• The soft handles and shoulder strap are way more comfortable for carrying than the hard plastic handle on traditional plastic carriers, which used to cut into my hand.

I can’t emphasize enough the difference it makes to be able to set the cat into the carrier from above, rather than making them go in through an opening on the end.

You’ll notice that many of the reasons I like this carrier are aligned with the qualities to look for that are mentioned above. Whether you get what I have or not, make sure your carrier choice meets the criteria provided earlier.

Create Positive Associations with the Carrier

Now that you’ve snagged the perfect carrier, it’s time to create some positive associations with it.

Start by placing it in your cat’s favorite room, with the door(s) wide open, and let curiosity take the lead. Sprinkle some favorite treats inside, or lay down a familiar blanket. You might need to start by placing treats near, rather than inside.

The goal is to have your cat view the carrier as a cozy retreat.

You can then feed meals near the carrier, then right next to it, and eventually even inside it. And if they eventually take a nap in there? Jackpot!

Here’s an example log for tracking progress:

How to Track Carrier Training Progress – Example Log

  1. When: Note the time (e.g., Week 1)
  2. What: Note the thing you did (e.g., introduced carrier and put treats inside)
  3. How: Note how your cat behaved or responded to what you did (e.g., sniffed around but wouldn’t go in)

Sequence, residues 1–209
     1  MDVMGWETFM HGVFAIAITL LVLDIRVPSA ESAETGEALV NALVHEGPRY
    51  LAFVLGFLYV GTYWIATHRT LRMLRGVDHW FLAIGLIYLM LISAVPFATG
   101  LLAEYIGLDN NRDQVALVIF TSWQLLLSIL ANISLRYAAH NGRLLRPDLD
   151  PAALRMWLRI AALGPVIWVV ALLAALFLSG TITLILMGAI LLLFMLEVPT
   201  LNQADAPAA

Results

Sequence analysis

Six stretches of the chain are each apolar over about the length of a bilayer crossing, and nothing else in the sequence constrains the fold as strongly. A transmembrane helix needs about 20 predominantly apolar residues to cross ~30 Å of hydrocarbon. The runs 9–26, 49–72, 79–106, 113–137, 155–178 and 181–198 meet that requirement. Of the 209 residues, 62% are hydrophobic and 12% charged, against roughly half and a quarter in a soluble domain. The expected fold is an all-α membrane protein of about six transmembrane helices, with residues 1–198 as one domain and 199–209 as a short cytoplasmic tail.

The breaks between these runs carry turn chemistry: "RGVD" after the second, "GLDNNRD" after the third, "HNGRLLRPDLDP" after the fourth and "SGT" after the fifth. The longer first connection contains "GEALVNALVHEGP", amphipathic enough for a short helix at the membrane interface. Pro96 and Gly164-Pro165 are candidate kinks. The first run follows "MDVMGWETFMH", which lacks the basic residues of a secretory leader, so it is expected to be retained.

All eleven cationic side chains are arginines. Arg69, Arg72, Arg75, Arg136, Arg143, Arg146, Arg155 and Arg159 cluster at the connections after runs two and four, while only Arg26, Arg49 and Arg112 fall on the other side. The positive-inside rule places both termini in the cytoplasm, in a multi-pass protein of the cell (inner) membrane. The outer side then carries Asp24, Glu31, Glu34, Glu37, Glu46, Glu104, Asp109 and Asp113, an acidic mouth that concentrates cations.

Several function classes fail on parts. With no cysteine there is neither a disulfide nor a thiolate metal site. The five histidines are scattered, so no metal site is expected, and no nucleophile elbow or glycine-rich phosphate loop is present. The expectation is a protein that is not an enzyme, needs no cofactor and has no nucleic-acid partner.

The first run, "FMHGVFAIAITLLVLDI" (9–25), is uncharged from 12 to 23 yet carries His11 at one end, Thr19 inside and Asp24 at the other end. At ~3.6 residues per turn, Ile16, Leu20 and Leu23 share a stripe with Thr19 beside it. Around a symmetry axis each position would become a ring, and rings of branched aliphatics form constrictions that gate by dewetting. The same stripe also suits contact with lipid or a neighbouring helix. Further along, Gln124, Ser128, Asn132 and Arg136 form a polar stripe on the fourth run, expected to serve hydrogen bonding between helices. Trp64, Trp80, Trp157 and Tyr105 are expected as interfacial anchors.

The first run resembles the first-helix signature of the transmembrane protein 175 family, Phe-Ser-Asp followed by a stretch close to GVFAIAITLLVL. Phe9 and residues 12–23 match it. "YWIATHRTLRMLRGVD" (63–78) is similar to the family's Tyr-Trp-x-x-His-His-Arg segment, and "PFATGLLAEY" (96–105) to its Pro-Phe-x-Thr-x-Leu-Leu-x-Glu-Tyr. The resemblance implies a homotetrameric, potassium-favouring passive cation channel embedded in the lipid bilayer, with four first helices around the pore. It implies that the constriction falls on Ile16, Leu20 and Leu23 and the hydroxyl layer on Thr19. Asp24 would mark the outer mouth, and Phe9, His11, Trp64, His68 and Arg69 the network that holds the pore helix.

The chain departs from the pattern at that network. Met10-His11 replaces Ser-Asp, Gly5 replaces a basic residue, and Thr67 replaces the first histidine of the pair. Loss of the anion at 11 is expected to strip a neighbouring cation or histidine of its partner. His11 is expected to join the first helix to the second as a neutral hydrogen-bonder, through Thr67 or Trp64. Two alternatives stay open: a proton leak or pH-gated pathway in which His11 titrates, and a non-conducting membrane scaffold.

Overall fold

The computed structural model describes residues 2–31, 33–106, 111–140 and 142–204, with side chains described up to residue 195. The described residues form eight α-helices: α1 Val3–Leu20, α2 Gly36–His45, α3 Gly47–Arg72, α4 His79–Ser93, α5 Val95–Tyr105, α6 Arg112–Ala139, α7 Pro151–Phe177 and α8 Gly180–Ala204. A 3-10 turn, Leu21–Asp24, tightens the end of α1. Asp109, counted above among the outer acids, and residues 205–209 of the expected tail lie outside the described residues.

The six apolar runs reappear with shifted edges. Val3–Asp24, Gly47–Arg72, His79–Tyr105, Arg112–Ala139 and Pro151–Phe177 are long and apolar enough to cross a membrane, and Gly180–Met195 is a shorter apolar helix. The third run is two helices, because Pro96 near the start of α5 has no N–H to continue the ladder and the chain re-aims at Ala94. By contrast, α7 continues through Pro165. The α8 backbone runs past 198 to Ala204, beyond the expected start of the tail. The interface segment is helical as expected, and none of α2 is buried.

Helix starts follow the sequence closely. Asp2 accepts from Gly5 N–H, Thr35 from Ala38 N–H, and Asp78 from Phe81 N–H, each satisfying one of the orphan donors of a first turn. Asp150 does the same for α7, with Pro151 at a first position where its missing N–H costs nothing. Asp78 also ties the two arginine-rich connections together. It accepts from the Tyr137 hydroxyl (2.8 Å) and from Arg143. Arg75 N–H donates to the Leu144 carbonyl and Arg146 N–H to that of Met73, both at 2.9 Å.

4. Next: Note your plan for next time based on what your cat did this time (e.g., repeat Week 1. Try putting treats near carrier instead of inside)

Once your cat doesn’t think twice about going in the carrier, it’s time to work on closing your cat inside.

And once that goes smoothly, you can work on picking the carrier up and taking it somewhere. Start with taking it to another room and work your way up to carrying it outside.

Last Meows

Carrier desensitization training is something I wish I’d done myself when I first got my cats. There’s a big difference between traveling with a terrified cat vs a cat that doesn’t totally hate being in the carrier.

Once you’ve mastered the carrier, it’s time to move on to taming the car experience, which is the second part of this training series.

Key Takeaways

Invest in a good carrier, then help your cat build positive associations with it – in baby steps. Don’t rush or force anything.

Explore other articles in our Cat Training Collection:

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The information provided here is not meant to replace professional guidance from your own veterinarian or cat behavior specialist.